The Supreme Court on Monday appointed senior lawyers Sanjay Hegde, Sadhna Ramachandran and former chief information commissioner Wajahat Habibullah to go and talk to the protesters at Shaheen Bagh about opening up the road that has been blocked and convince them to hold the agitation at an alternative site.
Here is everything you need to know about the three mediators.
Wajahat Habibullah is a retired IAS officer and has served as the first Chief Information Commissioner of India. He was also a former chairperson of the National Commission for Minorities.
In January, he along with Bhim Army Chief Chandrashekhar Azad Ravan, social activist Swami Agnivesh and Delhi resident Bahadur Abbas Naqvi moved the Supreme Court challenging the constitutional validity of the Citizenship (Amendment) Act (CAA). Their plea said the laws are “arbitrary”, “irrational” which would lead into “hostile discrimination” of certain sections of the society.
Sanjay Hegde is a senior advocate at the Supreme Court and has been working in the legal profession since 1989. During his career, he has appeared for the Government of India before an international arbitral tribunal and from 1996 to 2004 was on the Union of India’s arguing panel before the Supreme Court. In the recent past, he had represented people excluded from the National Register of Citizens (NRC), in a habeas corpus case on Kashmir, in cases related to mob-lynching, and in the recent Aarey forest case in Mumbai.
Hegde recently made headlines when Twitter twice suspended his account — once for posting an anti-Nazi picture and then for sharing a poem by Hindi poet Gorakh Pandey.
Sadhna Ramachandran is a senior advocate and has been practising in the Supreme Court since 1978. She has worked as the organising secretary of the Delhi High Court’s Mediation and Conciliation Centre and has been involved in training several lawyers in different high courts.
Over the past two months, hundreds of women, including grandmothers and children — have occupied a stretch of road in Delhi’s Shaheen Bagh, undeterred by rain, cold and threats, protesting against the contentious Citizenship Amendment Act (CAA) that gives fast track citizenship to non-Muslim refugees from neighbouring Pakistan, Afghanistan and Bangladesh, but intentionally excludes Muslim migrants.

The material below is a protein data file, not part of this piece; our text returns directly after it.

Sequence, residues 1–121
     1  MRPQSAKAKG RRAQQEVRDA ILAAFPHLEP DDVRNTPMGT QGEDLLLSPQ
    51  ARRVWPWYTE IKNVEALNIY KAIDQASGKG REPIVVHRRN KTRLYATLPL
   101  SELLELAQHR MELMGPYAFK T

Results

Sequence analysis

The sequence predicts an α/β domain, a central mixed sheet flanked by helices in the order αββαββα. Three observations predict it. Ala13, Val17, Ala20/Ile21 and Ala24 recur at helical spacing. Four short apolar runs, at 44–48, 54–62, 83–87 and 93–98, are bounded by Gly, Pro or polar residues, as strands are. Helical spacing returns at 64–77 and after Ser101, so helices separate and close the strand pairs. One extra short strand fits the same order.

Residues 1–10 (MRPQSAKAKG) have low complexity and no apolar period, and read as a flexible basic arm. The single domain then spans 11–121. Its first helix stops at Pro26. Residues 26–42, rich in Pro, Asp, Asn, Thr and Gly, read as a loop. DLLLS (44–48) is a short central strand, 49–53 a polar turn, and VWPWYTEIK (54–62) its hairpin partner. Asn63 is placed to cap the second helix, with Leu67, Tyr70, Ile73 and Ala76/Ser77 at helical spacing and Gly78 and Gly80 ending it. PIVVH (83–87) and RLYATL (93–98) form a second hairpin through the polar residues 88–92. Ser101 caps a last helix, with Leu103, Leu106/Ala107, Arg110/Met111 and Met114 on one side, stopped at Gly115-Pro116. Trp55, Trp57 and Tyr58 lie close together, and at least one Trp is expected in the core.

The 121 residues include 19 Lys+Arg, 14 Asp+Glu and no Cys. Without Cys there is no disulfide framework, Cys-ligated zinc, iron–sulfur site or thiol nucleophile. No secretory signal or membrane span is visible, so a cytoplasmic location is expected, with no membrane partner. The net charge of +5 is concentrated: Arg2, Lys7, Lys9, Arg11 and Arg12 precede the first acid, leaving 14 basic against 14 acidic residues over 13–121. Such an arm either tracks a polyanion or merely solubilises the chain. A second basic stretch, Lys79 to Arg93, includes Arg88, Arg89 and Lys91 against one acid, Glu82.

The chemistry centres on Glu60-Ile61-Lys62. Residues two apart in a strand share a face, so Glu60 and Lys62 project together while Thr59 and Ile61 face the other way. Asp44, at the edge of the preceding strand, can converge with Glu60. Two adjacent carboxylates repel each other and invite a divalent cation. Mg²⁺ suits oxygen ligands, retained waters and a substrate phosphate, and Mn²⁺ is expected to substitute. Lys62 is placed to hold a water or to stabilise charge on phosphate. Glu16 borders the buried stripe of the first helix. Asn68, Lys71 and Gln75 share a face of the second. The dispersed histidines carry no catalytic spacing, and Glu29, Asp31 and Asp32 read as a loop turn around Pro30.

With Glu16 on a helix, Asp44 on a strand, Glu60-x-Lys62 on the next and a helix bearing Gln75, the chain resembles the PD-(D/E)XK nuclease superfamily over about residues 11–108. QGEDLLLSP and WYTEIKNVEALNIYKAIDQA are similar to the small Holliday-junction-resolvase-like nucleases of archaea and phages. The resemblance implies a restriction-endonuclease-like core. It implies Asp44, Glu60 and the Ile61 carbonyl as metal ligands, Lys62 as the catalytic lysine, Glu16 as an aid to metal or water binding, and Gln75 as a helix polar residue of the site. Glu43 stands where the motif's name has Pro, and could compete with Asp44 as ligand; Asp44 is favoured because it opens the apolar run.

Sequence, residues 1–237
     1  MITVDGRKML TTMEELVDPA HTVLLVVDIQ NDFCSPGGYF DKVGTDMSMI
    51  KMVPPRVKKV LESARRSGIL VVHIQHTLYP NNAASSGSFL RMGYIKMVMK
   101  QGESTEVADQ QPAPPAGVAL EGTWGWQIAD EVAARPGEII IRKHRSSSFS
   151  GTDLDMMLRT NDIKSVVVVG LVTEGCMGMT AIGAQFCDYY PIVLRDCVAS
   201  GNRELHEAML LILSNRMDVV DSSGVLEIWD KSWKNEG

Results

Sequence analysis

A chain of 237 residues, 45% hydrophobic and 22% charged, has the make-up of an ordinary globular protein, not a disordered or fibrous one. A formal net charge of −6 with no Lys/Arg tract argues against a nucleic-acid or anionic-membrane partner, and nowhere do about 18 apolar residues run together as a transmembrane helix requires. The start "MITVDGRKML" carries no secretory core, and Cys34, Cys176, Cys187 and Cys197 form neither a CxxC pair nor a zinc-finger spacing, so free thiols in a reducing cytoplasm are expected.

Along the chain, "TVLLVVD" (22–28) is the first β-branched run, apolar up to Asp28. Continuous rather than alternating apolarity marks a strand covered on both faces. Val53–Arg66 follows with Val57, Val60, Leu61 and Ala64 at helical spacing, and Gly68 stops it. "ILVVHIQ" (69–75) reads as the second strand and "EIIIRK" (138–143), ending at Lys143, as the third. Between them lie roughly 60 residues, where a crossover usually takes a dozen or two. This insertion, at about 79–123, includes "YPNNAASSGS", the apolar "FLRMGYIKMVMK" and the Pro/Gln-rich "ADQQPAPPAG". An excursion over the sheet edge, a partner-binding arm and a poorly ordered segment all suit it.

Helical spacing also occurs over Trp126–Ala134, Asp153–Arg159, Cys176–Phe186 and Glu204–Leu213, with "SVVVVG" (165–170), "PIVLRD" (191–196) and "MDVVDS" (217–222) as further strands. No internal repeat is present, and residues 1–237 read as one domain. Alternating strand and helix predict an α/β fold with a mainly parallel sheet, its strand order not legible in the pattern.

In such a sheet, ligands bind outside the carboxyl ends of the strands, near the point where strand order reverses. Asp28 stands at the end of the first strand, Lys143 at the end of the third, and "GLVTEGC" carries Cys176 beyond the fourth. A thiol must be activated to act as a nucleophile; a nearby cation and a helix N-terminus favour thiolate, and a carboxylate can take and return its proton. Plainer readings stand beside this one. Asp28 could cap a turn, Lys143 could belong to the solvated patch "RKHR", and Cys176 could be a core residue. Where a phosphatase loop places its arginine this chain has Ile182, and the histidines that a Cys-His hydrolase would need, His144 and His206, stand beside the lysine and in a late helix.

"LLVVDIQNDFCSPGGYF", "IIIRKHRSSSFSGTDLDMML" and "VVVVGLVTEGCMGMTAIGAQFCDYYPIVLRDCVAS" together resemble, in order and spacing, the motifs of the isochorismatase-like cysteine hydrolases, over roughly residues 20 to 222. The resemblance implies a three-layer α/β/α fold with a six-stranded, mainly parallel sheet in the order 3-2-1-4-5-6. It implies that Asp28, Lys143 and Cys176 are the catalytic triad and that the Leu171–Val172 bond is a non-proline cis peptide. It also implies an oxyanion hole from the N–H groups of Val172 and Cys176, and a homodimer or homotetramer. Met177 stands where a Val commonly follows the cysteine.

The rightwing BJP-led Centre government has said the new law will be followed by a National Register of Citizens (NRC). That means Muslims must prove they were original residents of India and not refugees from these three countries. Non-Muslims listed in the law, by contrast, have a clear path to citizenship.
Primarily led by women, the Shaheen Bagh sit-in has come to symbolise the ongoing nationwide struggle against the divisive act, with similar sit-ins being organised across India.
Two petitions have been filed in the SC seeking clearance of the road blocked by the protesters. The first petition has been filed by lawyer Amit Sahni. The second petition has been filed by BJP leader Nand Kishore Garg.
On Sunday, the protesters had tried to march to Home Minister Amit Shah’s residence for a dialogue over the amended citizenship law but were stopped by police. The matter has been posted for next hearing on February 24, when the interlocutors are tasked to submit their report.